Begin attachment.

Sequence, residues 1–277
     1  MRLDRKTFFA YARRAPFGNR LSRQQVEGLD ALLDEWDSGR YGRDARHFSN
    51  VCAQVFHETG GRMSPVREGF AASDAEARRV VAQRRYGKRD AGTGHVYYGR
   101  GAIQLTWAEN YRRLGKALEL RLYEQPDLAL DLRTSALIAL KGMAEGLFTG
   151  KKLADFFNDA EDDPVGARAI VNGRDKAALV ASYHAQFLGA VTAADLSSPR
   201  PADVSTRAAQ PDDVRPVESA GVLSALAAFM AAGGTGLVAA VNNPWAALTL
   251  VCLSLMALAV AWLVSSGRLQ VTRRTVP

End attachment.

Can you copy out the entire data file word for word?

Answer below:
Sequence, residues 1–277
     1  MRLDRKTFFA YARRAPFGNR LSRQQVEGLD ALLDEWDSGR YGRDARHFSN
    51  VCAQVFHETG GRMSPVREGF AASDAEARRV VAQRRYGKRD AGTGHVYYGR
   101  GAIQLTWAEN YRRLGKALEL RLYEQPDLAL DLRTSALIAL KGMAEGLFTG
   151  KKLADFFNDA EDDPVGARAI VNGRDKAALV ASYHAQFLGA VTAADLSSPR
   201  PADVSTRAAQ PDDVRPVESA GVLSALAAFM AAGGTGLVAA VNNPWAALTL
   251  VCLSLMALAV AWLVSSGRLQ VTRRTVP